A new nationwide report indicates that from 2005 to 2009 (the latest year for which figures are available), there has been a sharp increase in the number of emergency departments visits associated with the use of non-alcohol energy drinks – from 1,128 visits in 2005 to 13,114 visits in 2009. According to the report by the Substance Abuse and Mental Health Services Administration (SAMHSA), the highest level of these energy drink- related emergency department admissions occurred in 2008 (16,055 visits).
Energy drinks are flavored beverages containing high amounts of stimulants such as caffeine. They are often sold in cans and bottles and are readily available in grocery stores, vending machines, bars and other venues. Energy drinks are marketed to appeal to youth and are consumed by up to 50 percent of children, adolescents, and young adults.
Overall, 44 percent of the emergency department visits involving energy drinks were associated with the combined use of an energy drink with other substances such as alcohol, pharmaceuticals or illicit drugs. The rate of combination use of energy drinks and other substances of abuse was greatest among cases involving young adults aged 18 to 25 (52 percent).
The report notes that the vast majority (77 percent) of these visits were made by people aged 18 to 39 and that males made up nearly two thirds (64 percent) of all the visits.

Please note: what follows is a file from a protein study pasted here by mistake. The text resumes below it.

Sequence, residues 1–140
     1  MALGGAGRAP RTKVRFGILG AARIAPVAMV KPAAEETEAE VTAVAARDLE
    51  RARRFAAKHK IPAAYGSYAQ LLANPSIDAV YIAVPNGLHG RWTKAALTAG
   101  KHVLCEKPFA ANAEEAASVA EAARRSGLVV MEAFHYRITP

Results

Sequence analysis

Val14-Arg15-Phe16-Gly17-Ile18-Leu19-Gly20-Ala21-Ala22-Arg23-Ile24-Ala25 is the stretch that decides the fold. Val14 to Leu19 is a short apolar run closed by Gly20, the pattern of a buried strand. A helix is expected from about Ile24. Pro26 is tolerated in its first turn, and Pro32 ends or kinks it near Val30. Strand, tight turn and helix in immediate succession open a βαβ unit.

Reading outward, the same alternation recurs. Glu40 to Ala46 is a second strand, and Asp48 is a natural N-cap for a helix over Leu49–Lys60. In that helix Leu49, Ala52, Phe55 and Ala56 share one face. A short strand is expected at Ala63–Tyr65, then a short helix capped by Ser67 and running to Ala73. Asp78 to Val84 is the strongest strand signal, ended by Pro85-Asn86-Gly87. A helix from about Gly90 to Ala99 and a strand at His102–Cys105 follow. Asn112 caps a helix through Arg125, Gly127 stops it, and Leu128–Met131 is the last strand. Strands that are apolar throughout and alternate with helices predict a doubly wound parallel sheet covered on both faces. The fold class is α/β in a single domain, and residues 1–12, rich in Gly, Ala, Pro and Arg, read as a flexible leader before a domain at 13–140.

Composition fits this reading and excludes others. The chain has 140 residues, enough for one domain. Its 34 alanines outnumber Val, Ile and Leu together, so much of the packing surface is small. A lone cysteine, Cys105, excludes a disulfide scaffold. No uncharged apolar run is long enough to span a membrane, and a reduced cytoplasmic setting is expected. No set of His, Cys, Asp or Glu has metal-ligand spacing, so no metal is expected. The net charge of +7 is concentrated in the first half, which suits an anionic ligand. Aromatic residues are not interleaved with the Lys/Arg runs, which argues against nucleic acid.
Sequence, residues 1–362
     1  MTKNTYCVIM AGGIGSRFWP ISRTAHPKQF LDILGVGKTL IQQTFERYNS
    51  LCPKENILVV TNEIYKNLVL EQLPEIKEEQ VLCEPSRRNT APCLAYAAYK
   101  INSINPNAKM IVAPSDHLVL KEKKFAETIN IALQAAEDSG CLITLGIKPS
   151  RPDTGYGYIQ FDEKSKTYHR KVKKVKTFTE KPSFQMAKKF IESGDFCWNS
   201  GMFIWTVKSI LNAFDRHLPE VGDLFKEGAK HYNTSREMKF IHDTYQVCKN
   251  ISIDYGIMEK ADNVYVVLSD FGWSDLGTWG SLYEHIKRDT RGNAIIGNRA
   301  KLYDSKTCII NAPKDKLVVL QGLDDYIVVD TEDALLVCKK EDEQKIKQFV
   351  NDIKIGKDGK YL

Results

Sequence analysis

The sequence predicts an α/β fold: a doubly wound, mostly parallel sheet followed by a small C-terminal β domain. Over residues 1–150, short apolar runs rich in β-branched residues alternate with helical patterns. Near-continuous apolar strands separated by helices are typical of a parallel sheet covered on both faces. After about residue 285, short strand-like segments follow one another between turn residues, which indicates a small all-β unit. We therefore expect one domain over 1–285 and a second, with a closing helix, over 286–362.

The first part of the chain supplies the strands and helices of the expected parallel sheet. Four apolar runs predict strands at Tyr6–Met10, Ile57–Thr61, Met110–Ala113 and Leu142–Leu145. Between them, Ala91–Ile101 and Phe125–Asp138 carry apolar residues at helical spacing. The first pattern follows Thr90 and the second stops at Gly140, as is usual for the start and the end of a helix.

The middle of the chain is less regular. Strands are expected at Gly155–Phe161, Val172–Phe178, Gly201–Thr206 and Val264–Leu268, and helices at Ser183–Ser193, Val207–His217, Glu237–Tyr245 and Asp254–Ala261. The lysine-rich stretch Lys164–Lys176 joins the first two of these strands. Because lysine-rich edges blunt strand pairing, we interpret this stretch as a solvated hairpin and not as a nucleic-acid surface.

Energy drink-related emergency department visits involving males were twice as likely as those involving females to include the use of alcohol (20 percent versus 10 percent) or illicit drugs (12 percent versus 5 percent). Female visits were more likely than male visits to involve the combined use of energy drinks and pharmaceuticals (35 percent versus 23 percent).
“Energy drinks used in excess or in combination with alcohol or drugs can pose a serious health risk,” said SAMHSA Administrator Pamela S. Hyde. “The beverage industry, consumer groups, community coalitions, the healthcare community, teachers, parents and others must get the word out that quick fix energy drinks are not a solution and carry great risks, especially in combination with other substances of abuse. Sleep, exercise and a healthy diet rather than stimulants in a beverage are the keys to quality performance, sustained success, and overall wellness.”
Studies indicate that excessive caffeine intake from energy drinks can cause adverse reactions such as arrhythmias, hypertension, dehydration and other more serious medical conditions. Combining energy drinks with substances of abuse raises the risk of serious, even life-threatening injury, as well as the likelihood of engaging in risky behaviors such as driving under the influence.
The report, Emergency Department Visits Involving Energy Drinks, is based on data from SAMHSA’s 2005 – 2009 Drug Abuse Warning Network (DAWN) reports. DAWN is a public health surveillance system that monitors drug-related hospital emergency department visits reported throughout the nation.
The full report is available on the web at: http://www.samhsa.gov/data/2k11/WEB_DAWN_089/WEB_DAWN_089_HTML.pdf
For related publications and information, visit http://www.samhsa.gov/
The National Institute on Alcohol Abuse and Alcoholism has developed a useful pocket guide for health care professionals and others to help with screening and brief intervention for youth who may be have alcohol problems including cases involving energy drinks. The pocket guide is available at: http://pubs.niaaa.nih.gov/publications/Practitioner/YouthGuide/YouthGuidePocket.pdf
SAMHSA is a public health agency within the Department of Health and Human Services. Its mission is to reduce the impact of substance abuse and mental illness on America’s communities.